October 19th 9:38 pm
“ Everyone must leave something behind when he dies, my grandfather said. A child or a book or a painting or a house or a wall built or a pair of shoes made. Or a garden planted. Something your hand touched some way so your soul has somewhere to go when you die, and when people look at that tree or that flower you planted, you’re there.
It doesn’t matter what you do, he said, so long as you change something from the way it was before you touched it into something that’s like you after you take your hands away. The difference between the man who just cuts lawns and a real gardener is in the touching, he said. The lawn-cutter might just as well not have been there at all; the gardener will be there a lifetime. ”
— Ray Bradbury, Fahrenheit 451
October 15th 3:25 pm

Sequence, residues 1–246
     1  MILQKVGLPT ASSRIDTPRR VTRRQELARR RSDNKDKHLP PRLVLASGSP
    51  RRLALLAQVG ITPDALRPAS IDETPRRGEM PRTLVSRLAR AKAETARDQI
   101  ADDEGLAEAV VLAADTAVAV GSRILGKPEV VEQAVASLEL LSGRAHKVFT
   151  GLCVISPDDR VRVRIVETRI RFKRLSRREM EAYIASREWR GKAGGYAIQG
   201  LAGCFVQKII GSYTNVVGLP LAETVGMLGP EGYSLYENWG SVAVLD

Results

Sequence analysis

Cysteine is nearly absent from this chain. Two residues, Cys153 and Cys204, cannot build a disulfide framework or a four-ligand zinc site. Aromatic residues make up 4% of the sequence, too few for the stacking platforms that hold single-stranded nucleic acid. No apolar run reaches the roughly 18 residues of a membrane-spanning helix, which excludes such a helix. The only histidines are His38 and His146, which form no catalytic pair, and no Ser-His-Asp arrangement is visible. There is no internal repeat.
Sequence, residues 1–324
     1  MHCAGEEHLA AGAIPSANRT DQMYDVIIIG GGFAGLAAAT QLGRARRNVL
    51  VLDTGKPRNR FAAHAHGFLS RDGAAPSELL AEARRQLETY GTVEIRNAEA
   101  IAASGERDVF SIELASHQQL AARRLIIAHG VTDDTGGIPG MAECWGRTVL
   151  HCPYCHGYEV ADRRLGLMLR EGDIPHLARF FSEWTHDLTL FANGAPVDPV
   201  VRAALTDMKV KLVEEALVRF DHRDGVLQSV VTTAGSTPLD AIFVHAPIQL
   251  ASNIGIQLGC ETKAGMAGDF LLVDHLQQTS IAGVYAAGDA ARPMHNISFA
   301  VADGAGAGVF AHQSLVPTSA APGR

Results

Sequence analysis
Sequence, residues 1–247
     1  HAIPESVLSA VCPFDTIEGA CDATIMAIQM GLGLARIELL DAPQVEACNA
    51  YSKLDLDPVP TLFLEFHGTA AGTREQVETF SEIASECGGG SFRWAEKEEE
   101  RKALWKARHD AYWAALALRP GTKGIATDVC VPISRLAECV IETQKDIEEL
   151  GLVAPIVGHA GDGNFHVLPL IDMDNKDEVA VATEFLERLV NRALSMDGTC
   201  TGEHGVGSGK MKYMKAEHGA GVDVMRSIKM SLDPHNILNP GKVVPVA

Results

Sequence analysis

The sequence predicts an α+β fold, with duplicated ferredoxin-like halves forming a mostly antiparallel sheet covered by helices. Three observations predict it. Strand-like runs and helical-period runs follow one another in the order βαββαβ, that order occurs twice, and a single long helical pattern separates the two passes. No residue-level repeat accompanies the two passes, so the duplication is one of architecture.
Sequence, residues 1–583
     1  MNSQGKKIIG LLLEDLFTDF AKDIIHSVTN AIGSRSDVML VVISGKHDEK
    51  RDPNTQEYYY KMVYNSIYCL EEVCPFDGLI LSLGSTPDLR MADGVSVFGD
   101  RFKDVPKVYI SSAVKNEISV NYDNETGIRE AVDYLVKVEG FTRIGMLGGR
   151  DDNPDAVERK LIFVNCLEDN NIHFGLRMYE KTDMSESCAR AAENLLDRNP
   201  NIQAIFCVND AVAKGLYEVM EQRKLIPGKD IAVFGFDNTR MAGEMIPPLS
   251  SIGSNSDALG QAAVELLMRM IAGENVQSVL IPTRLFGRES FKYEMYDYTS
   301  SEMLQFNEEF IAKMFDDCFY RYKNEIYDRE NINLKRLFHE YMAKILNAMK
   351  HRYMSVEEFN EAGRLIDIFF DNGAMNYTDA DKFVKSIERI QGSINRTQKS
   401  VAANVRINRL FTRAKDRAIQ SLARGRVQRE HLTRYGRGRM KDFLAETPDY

“ I have no sense of self. I have no personality, no brilliant color. I have nothing to offer. That’s always been my problem. I feel like an empty vessel. I have a shape, I guess, as a container, but there’s nothing inside.”…”Let’s say you are an empty vessel. So what? What’s wrong with that?” … “You’re still a wonderful, attractive vessel. And really, does anybody know who they are? So why not be a completely beautiful vessel? The kind people feel good about, the kind people want to entrust with precious belongings. ”
— Haruki Murakami - Colorless Tsukuru Tazaki and His Years of Pilgrimage (via murakamistuff)
October 15th 3:22 pm
Are more bare
Dims the hills.
Comes and goes
And in the moonlight
I wait for winter.
Is like moonlight
In one thing:
That it hides nothing.
— Yvor Winters, “October,” American Poetry: The Twentieth Century, Volume Two (The Library of America, 2000)
(Source: apoetreflects, via chardonette)
October 5th 10:53 pm
“ But living was a field of grain blowing in the wind on the side of a hill. Living was a hawk in the sky. Living was an earthen jar of water in the dust of the threshing with the grain flailed out and the chaff blowing. Living was a horse between your legs and a carbine under one leg and a hill and a valley and a stream with trees along it and the far side of the valley and the hills beyond. ”
— Ernest Hemingway